Paleontologists Discover New Primitive Sea Creature

A new fossilized, cigar-shaped creature that lived about 520 million years ago has been unearthed in Morocco according to Live Science.

Andrew Smith, a paleontologist at the Natural History Museum in London and co-author of the study on this new creature, stated that the new creature, dubbed Helicocystis moroccoensis, has “characteristics that place it as the most primitive echinoderm that has fivefold symmetry.”

Smith is referring to a group of animals that includes starfish and sea urchins, according to Live Science.

The article continues on to say that modern echinoderms typically have five-point symmetry, such as the five arms of the starfish or the sand dollar’s distinctive pattern.

According to the journal Proceedings of the Royal Society B, the primitive sea creature could even change its body shape from slender to stumpy.

Smith stated, “Researchers say it is a transitional animal that could help explain how early echinoderms evolved their unique body plans.”

This interesting little creature (pictured below) is only one of a few different species that have been discovered this year.

Back in February, a new species of fish was discovered in six mile Helicocystis moroccoensis discovered by paleontologistdeep water off the coast of New Zealand.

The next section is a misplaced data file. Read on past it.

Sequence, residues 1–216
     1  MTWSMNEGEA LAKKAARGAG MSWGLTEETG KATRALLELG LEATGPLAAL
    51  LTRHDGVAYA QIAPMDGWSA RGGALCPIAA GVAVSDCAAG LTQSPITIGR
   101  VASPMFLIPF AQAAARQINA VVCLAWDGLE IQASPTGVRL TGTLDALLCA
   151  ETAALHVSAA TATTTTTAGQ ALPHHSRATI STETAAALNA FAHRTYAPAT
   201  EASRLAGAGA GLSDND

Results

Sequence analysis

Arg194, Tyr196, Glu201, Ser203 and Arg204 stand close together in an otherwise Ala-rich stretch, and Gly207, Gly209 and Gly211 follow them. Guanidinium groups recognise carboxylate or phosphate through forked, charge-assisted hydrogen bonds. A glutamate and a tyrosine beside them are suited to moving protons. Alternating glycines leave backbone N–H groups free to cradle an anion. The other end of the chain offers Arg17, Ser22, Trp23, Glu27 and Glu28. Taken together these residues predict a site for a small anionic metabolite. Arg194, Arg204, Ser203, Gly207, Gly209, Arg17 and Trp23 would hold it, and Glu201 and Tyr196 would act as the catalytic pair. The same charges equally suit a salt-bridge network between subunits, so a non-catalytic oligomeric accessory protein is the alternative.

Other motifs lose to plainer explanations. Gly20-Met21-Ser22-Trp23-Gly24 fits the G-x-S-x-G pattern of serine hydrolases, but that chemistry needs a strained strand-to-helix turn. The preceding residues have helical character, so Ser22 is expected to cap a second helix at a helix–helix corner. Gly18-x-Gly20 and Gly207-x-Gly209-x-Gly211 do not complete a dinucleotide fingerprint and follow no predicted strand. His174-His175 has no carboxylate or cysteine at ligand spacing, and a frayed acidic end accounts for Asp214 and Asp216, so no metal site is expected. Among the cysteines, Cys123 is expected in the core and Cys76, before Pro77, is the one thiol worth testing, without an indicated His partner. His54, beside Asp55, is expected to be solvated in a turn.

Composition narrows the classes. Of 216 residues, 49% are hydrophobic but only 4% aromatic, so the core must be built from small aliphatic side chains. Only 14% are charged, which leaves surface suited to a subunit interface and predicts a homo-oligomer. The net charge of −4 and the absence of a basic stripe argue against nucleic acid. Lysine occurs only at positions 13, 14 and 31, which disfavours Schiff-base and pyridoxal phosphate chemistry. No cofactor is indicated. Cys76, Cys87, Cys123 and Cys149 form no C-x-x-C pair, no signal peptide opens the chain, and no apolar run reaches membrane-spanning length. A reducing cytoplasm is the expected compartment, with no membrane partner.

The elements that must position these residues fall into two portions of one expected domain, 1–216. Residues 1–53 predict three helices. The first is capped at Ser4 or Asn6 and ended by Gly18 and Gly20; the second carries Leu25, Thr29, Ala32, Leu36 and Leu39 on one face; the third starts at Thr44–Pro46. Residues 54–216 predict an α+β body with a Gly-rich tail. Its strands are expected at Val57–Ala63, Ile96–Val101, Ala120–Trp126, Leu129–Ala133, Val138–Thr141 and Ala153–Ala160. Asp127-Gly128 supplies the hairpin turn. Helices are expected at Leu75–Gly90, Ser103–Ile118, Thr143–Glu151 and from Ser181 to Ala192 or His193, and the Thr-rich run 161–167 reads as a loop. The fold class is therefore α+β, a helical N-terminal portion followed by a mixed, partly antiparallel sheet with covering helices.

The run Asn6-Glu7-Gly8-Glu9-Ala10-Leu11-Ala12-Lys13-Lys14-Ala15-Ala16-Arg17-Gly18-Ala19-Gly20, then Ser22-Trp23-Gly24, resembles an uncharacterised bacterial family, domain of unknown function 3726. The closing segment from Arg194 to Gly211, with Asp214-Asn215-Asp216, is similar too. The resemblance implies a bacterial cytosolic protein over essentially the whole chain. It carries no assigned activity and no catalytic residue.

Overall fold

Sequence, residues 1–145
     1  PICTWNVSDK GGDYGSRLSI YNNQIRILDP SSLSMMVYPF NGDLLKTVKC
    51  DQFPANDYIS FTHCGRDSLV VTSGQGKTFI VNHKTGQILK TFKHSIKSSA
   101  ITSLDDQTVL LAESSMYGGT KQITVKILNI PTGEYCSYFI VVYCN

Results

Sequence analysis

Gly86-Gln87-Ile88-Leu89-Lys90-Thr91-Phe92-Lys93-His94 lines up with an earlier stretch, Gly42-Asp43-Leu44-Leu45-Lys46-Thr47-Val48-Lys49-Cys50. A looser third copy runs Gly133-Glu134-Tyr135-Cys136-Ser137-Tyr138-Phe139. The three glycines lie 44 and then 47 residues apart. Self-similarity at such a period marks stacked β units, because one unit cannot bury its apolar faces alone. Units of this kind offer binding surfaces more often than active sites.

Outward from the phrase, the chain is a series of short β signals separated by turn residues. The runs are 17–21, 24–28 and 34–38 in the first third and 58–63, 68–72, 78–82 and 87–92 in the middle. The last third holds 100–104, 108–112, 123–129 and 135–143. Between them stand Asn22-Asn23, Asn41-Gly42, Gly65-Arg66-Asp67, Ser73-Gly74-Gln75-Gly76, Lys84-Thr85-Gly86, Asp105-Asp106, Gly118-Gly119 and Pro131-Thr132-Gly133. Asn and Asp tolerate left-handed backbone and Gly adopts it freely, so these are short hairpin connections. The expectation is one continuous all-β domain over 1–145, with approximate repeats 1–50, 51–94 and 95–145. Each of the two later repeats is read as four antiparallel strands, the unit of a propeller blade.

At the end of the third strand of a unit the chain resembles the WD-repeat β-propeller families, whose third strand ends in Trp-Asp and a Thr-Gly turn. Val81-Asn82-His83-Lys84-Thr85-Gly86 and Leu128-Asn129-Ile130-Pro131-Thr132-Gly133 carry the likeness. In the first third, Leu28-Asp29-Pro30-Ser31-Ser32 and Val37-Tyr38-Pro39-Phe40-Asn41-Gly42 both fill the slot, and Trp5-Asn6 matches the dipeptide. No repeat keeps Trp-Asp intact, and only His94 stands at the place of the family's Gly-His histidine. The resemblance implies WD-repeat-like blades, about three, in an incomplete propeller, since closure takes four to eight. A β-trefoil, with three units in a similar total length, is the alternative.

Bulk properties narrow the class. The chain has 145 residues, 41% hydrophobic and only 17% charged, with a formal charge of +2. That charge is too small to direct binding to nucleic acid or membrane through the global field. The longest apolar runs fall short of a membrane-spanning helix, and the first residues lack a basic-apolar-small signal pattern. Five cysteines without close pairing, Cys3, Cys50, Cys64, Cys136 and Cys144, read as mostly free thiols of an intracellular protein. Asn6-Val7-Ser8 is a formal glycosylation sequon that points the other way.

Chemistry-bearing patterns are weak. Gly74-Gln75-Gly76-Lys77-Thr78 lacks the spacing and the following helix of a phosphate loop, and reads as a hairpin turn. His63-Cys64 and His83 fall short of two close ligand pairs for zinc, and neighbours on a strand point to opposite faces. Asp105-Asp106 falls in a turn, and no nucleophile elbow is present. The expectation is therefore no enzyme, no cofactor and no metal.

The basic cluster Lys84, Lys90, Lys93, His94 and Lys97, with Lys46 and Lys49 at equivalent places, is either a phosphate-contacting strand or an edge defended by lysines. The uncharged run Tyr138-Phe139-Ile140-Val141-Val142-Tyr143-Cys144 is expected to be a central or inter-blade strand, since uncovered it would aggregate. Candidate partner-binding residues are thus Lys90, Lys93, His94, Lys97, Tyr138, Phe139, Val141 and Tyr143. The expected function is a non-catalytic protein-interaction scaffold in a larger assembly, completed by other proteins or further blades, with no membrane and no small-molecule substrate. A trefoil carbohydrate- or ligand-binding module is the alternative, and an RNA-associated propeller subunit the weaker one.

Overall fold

The new species of eelpout was discovered during a seven day exploration of one of the deepest areas of the Pacific Ocean.

The new species of eelpout was discovered by The National Institute of Water and Atmospheric Research, University of Aberdeen’s Oceanlab, and Museum of New Zealand Te Papa Tongarewa.

More recently, in April, a new porcupine forest species was discovered in Brazil.

The new species of porcupine was named Coendou speratus had been discovered in Brazil’s highly endangered northeast Atlantic rainforest.

With all the news of climate change and how it’s going to negatively impact the world and it’s many species, these new species are a sight for soar eyes.

And even though this latest discovery is of a prehistoric creature, it’s still a cool find!

[Images by Andrew Smith via Live Science]